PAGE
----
By Kerry Hale

Everyday Bathroom Rules You Never Knew Existed

  • Tuesday 30 April 2019
  • 4 minute read

Have you ever noticed how British bathrooms differ from the rest of the world? As one of the most used rooms in the home, a bathroom needs to be functional, warm, and easy to clean. If you’re wondering why characteristics of British bathrooms aren’t common elsewhere, we might be able to help. From rules and regulations, to historical traditions, read our guide to British bathroom rules to find out more about our unique quirks.

Why are there pull cord light switches in bathrooms?

Light pulls, also known as a pull cord switch, are commonly used throughout British bathrooms because of UK building regulations. A bathroom is considered a special location for electrical instillation, mainly because of the increased risk of electrical shock it poses to users.  There is also an increased risk of shock should your body become immersed in water (like your bath or shower) with a live electrical switch within reach.

Why does the UK have separate hot and cold taps?

While mixer taps are fairly common, separate hot and cold taps are still prevalent in UK bathrooms. The reason for this is an historical one, as hot water was often stored in a cistern or cylinder in the home, whereas cold water came from the mains supply. The cistern-stored hot water was not safe to drink, while the cold water was. Differences in water pressure could also affect the stream of water out of a mixer tap.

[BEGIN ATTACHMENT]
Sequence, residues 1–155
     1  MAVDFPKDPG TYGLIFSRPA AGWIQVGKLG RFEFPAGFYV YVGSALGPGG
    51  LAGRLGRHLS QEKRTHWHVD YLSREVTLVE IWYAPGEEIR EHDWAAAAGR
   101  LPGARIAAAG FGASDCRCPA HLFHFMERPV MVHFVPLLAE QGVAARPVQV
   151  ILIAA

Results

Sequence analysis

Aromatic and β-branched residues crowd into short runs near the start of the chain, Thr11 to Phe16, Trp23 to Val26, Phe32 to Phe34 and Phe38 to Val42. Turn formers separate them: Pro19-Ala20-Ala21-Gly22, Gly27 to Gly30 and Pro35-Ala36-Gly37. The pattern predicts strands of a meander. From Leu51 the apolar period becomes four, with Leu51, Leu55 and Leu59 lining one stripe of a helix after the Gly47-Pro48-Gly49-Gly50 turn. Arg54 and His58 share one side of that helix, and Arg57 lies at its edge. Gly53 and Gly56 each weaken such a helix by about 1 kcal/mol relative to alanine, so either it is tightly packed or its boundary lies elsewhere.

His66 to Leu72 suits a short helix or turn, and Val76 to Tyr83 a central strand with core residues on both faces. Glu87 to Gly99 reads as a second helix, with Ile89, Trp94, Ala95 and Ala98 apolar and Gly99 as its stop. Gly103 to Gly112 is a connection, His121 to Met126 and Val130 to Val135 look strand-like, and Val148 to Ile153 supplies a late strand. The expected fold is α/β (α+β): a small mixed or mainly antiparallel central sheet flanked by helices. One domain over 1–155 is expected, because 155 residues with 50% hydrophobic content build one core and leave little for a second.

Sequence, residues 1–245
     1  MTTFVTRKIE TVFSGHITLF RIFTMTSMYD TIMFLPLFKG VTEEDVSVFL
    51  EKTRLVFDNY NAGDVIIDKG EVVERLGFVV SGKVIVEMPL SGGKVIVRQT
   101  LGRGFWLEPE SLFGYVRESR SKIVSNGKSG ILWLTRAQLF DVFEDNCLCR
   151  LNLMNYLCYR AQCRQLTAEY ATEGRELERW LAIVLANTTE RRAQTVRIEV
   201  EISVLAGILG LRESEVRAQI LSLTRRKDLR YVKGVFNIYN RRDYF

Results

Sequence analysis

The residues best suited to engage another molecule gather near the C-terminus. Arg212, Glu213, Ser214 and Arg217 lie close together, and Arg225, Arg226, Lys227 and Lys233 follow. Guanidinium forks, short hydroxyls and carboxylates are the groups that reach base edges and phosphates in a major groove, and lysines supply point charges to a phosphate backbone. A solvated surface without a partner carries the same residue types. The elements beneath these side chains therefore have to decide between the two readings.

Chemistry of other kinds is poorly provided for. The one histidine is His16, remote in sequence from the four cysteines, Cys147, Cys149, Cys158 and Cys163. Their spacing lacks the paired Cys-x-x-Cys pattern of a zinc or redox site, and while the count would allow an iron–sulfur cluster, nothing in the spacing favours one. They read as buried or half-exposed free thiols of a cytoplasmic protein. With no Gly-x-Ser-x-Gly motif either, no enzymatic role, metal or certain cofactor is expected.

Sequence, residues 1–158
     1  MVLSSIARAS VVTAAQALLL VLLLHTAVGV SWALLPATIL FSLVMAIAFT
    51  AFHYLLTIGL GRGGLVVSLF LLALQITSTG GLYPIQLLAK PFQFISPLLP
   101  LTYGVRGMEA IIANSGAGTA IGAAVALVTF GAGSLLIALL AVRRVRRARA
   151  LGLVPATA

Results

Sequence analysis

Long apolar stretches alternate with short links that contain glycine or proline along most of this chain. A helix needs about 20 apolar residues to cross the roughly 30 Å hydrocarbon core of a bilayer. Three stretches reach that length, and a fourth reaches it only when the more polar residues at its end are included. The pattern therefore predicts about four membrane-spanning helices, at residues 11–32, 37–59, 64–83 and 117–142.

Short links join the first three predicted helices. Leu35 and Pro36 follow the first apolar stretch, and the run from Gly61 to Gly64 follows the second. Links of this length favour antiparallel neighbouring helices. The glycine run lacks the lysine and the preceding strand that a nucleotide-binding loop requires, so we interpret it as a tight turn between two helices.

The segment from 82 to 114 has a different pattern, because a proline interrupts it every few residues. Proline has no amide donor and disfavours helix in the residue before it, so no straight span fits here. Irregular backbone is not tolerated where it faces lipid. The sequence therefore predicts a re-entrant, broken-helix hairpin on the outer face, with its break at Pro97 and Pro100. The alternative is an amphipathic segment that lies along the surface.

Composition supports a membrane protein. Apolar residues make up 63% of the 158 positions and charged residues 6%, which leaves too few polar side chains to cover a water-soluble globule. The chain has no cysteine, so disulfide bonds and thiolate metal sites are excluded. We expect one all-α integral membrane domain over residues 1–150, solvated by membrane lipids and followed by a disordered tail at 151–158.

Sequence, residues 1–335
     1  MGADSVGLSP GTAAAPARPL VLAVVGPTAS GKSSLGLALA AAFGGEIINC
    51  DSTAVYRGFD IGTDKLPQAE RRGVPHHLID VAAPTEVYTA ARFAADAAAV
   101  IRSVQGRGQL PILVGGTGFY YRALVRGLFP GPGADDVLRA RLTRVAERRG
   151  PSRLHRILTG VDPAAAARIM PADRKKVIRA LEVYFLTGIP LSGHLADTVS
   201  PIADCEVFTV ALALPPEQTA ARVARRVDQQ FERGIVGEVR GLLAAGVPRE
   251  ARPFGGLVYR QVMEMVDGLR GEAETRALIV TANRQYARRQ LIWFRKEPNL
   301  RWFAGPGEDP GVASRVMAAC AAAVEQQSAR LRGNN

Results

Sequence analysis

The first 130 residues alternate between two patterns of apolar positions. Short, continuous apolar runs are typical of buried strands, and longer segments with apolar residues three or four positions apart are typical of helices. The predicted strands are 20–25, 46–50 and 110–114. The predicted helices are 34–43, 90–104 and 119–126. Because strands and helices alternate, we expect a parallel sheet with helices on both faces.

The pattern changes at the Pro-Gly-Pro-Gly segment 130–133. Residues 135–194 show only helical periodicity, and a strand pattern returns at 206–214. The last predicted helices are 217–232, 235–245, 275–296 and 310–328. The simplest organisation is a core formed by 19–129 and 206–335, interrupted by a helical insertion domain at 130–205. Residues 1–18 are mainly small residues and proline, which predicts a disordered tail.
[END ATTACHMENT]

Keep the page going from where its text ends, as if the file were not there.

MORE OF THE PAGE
Why are hot water taps on the left and cold water taps on the right?

For homes which do have two separate taps, you may have noticed that hot water taps tend to be on the left and cold water taps on the right. This toilet rule was included in a code of practice as far back as 1965 and is still followed today. One of the reasons for this is so that visually impaired people will always know which tap to use.

Why are there no plug sockets in British bathrooms?

The reason that there are no plus sockets in bathrooms is simple – having an exposed plug socket can increase the risk of electric shock. Plugs in England generally use 240-volt power, twice the amount found in US plugs which have 120-volts.

Before combination boilers became commonplace in British bathrooms, electric showers were often installed. The reason being was that homes didn’t require extensive plumbing alterations to use them, so they were a cheap and simple alternative.

Though electric showers are the most common, as bathroom technology progresses, we’re starting to see more and more mixer and digital showers in new-build and renovated houses

Stay up to date with all the latest advice and news with the Mira Showers blog. If you’re thinking of renovating your bathroom, check out our latest products online or find a store near you.

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